The model for the op amp is that the open gain is A =  \frac{1}{1/A_0+ jf/f_{GB}} \approx  -j f_{GB}/f, and the gain of the non-inverting amplifier is \frac{A}{1+AB} \approx  \frac{1}{B}\; \frac{1}{1+jf/(B f_{GB})}, where B is just the gain of the voltage divider used as a feedback network. The model breaks down at high frequencies, because the op amp has further filtering above 1MHz, and for very high gain, where the DC amplification limit A_0 matters. We don’t design op-amp circuits to use such a high gain that the DC open-loop gain matters, but pushing the frequency limit is common.

But the simple gain-bandwidth model does a very good job of fitting the data, as long as you avoid signal levels that cause clipping or slew-rate limitations.

2019 August 19

Shakespeare cookies v5

On Saturday, my son and I baked shortbread cookies using version 5 of the Shakespeare cookie cutter:

The difference between version 4 and version 5 is mainly around the left eye (on the right in this photo). Version 4 had a lot of trouble with the dough getting stuck in the small regions there. (See prior post for cookies made with the V4 cutter.)

Despite the simplifications, Shakespeare’s head is still quite recognizable.

We used the classic recipe (2 cups flour, 1 cup butter, and ½ cup confectioner’s sugar), but this time I used pastry flour instead of a mixture of all-purpose flour and sweet rice flour.  The dough works about equally well either way.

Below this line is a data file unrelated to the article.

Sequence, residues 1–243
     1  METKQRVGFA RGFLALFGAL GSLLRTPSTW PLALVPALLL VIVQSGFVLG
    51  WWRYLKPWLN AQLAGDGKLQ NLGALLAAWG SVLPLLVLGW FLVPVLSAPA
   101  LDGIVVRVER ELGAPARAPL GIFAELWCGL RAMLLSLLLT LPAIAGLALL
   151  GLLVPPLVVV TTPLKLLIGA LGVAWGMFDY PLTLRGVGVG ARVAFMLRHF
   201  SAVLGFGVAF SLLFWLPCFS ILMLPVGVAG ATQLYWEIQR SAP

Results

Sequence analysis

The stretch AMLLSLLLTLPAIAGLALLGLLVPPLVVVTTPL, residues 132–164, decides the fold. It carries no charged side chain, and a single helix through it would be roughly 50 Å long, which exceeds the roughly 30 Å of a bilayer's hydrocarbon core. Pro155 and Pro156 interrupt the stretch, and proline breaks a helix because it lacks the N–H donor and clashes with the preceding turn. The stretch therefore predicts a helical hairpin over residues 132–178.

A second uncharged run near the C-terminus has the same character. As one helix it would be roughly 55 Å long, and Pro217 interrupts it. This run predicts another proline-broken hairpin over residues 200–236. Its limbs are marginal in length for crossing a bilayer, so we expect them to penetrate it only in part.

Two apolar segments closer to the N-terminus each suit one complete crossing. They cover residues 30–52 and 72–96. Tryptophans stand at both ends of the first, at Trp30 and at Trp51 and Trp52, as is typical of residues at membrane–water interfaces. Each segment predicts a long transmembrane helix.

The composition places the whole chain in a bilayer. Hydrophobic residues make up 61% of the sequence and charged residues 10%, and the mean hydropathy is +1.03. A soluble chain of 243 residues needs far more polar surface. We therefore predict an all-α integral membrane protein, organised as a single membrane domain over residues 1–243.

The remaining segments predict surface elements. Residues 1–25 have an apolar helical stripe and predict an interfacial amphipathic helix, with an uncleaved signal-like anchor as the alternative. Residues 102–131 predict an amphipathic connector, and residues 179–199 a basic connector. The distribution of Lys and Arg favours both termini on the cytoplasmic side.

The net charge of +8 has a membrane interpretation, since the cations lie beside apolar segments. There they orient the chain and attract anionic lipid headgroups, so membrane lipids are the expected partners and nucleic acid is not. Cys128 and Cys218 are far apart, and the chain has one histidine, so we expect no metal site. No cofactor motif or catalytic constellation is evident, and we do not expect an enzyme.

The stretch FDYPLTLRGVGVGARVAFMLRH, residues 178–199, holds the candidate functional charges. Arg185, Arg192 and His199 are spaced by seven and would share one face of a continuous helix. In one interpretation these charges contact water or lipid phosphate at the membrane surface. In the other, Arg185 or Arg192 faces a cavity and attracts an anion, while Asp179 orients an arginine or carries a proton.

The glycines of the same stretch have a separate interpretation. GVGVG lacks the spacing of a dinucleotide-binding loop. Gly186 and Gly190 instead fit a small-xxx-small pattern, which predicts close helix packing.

The cookies came out good, but the cookie cutters are still having problems with dough sticking to the cutters. Chilling the dough after rolling helped a little, but stickiness was still a problem. We also had problems rolling the dough out to a uniform 6mm thickness—sometimes we had the dough too thin, and the interior lines were not clear, and sometimes we had it too thick and couldn’t get the cookie out of the cutter without destroying the cookie.

My son had two suggestions, both of which I’ll follow up on:

  • Go back to having separate cutter and stamp (as in Version 3), but don’t try to connect the two.  Make the stamp just have a few alignment marks so that it can be hand-aligned to the cookie outline.  The stamp can have a lot of open space, so that the visual alignment is relatively easy, and so that the cookie dough can be easily separated from the stamp.  The stamping can even be done after the cookie has been transferred to the baking sheet, to make distortion from moving the cookie less of a problem.